The Buccaneers need to address offensive line help - that’s no secret. But they may do it multiple times over the course of the draft. And although many believe that Tampa Bay will address right tackle on the first night, the idea of them addressing depth throughout the rest of the process.
Part of that depth is along the interior of the offensive line. Although Alex Cappa stepped up last season and Ryan Jensen seems to finally be hitting a groove after a shaky start in 2018, there isn’t a lot of help beyond the starting five.
Taking a look at a guy like Jonah Jackson on day three may be what the Bucs need.
Jonah Jackson’s Collegiate Career
Jonah Jackson committed to Rutgers after being a standout player at high school in Pennsylvania. It wasn’t quite what he envisioned, red shirting his first year then playing sporadically the next two years - including missing six games due to injury. While at Rutgers, Jackson was an intricate part of an offensive line that was ranked second in the Big Ten, allowing just 1.33 sacks per game.
As a Junior, Jackson started eleven straight games and was named captain. Following a strong season, Jackson transferred to fellow Big Ten rival Ohio State for his final year of eligibility. Jackson started every game for the Buckeyes in his only season with them, having been named to the First Team All-Big Ten.
At 6’4”, 305lbs, Jackson is the solid, prototypical size for a lineman. Compare that to Ali Marpet (6’4”, 306lbs) and Alex Cappa (6’6”, 304lbs) and you have someone that is nearly a cookie cutter version of the size the Bucs already boast in the interior.
Jackson’s versatility is extra enticing. Jackson spent as many games at left guard as he did at right guard, showing his ability to fill in on either side when called upon and with equal effectiveness regardless of position.
Coming from the Big Ten, there’s a certain level of nastiness you have to possess to make it as a linemen in that conference - let alone to be a starter for two teams and a captain for one. In the NFL, you need that level of nasty to be effective.
Jackson is strong in pass protection with a propensity to finish off his opponent. His quick hands and strong base allows him to gain - and re-gain - leverage when facing off against defenders. His 33.5 inch arms help him maintain leverage and keep defenders away as he can read and react to their attempts to get past him.
His run blocking needs a lot of work. Jackson seems to have trouble maintaining his broad base when run blocking, causing his running back to be swallowed up quickly. His tendency to keep his pad level high results in losing leverage during run blocking as well. He tends to stand straight up rather than exploding out of his stance and blocking right away. That split second proves to be the difference a lot of times.
Jackson also seems to have some issues with his footwork being on the same page with the rest of his body. At times this causes Jackson’s technique to look sloppy and unrefined. It’s a fixable issue, but something that causes him to be looked at as a day three type of guy.
Why The Tampa Bay Buccaneers Need Jonah Jackson
It goes back to the depth issue. The Buccaneers need some help behind that starting five and Jackson’s versatility and raw talent is enough to take a strong look at bringing him in. If the current coaching staff can build him up and improve on some of his deficiencies, Jackson could prove to be a big steal on day three of the draft for Bruce Arians and his crew.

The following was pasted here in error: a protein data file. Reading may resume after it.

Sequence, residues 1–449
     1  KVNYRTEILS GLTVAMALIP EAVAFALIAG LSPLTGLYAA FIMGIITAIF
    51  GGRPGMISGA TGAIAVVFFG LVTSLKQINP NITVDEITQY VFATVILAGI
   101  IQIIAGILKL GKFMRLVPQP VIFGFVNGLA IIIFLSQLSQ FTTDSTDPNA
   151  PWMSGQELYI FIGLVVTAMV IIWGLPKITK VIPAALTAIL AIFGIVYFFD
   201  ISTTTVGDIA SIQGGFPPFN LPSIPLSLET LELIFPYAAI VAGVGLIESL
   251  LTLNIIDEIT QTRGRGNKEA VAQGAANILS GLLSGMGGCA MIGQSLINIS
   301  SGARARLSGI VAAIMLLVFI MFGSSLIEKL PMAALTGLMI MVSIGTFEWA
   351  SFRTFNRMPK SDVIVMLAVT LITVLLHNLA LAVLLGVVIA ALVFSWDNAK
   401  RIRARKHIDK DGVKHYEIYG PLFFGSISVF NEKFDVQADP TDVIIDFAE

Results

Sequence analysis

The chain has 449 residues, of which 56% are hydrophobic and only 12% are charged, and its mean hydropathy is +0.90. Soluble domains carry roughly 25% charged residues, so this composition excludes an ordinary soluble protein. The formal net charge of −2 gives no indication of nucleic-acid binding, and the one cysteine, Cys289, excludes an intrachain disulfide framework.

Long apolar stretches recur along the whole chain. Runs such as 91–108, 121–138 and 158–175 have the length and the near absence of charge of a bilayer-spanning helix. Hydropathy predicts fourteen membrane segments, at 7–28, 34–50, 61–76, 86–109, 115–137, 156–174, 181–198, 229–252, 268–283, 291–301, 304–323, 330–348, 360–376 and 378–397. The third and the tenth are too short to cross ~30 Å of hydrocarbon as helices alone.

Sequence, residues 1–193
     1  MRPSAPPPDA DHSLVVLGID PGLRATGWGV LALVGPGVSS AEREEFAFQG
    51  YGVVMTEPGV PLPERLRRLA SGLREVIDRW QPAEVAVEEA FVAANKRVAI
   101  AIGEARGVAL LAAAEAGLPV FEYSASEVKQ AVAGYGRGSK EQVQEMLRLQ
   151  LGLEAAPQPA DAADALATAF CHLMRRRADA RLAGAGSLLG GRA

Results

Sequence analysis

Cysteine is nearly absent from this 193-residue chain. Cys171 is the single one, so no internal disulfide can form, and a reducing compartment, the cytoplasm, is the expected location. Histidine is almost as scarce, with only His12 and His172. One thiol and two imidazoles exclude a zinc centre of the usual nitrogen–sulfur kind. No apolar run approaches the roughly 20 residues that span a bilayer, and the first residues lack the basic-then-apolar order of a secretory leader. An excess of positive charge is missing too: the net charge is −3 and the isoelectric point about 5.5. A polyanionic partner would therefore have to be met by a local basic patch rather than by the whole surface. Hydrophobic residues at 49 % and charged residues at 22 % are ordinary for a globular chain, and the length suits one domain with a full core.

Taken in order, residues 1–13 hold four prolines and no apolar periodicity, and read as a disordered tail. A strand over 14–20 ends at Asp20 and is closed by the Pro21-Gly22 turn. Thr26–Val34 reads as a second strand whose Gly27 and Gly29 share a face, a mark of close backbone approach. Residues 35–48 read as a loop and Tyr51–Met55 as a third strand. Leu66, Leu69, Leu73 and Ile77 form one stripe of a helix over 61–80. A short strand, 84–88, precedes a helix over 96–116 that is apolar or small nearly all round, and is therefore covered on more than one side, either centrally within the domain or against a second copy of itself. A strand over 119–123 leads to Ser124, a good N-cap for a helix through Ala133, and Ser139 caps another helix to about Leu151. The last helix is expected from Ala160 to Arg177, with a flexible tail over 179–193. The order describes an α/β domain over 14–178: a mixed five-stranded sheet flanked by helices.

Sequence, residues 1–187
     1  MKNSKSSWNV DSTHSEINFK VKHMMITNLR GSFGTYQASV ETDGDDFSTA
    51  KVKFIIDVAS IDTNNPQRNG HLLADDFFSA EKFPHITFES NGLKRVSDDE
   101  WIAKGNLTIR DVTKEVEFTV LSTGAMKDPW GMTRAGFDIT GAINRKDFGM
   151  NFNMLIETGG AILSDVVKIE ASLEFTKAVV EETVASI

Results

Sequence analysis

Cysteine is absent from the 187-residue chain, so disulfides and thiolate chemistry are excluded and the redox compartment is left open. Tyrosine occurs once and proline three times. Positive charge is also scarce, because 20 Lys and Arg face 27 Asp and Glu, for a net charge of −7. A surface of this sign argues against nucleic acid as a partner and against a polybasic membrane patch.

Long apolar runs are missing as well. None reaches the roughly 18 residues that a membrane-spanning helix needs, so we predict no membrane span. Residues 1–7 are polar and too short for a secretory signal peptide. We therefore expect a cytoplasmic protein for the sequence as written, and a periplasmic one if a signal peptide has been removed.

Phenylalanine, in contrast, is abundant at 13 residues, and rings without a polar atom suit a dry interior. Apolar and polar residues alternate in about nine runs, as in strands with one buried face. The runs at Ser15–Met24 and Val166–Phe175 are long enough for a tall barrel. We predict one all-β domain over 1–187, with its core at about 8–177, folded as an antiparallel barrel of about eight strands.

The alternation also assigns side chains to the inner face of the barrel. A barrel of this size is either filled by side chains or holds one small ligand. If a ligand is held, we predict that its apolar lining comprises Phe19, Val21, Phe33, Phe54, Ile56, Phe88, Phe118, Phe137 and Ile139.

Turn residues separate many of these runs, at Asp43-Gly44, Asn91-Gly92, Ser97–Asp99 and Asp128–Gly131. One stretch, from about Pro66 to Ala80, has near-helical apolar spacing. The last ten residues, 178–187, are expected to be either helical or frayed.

With only Zack Bailey, Aaron Stinnie, and Anthony Fabiano behind Marpet and Cappa - and no one currently behind Jensen - Jackson can be a utility man on the Bucs’ depth chart and fill in at any of the three interior positions that may be voided due to injury.
With an emphasis on protecting Tom Brady, Jackson fills that role well right out of the gate. However, with additional emphasis on building on the run game, that’s where Jackson needs the most work and a potentially shortened off-season may hinder the staff’s ability to bring Jackson up to speed during his rookie campaign.
Any depth guy the Bucs bring in or any day three guy that they draft is going to have some flaws. Otherwise, they would be drafted sooner and as a starter. Bringing in someone of Jackson’s caliber as far as his pass protection is concerned would be a big boost to the overall landscape of Tampa Bay’s offensive line.
Should It Happen?
As far as the “best player available” mantra or strategy when it comes to the developmental state of day three draft picks, Jonah Jackson may be one of the better options for the Buccaneers. Again, he has some work to do but there isn’t a whole lot there that can’t be fixed via coaching. Jackson could be a huge steal for whatever team he is drafted by if he can elevate his run blocking and footwork. He has strength, he has instincts, he has a high football I.Q., it’s just a matter of getting his body to do what his brain tells him he needs to.
Let your thoughts on Jonah Jackson known in the comment section or in the poll below as to whether or not you’d like this former Buck to become one of the newest Bucs.
How Do You Feel About Jonah Jackson for the Tampa Bay Buccaneers?
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Draft Him No Matter What
Trade Back Candidate
I Wouldn’t Mind It
There Are Better Options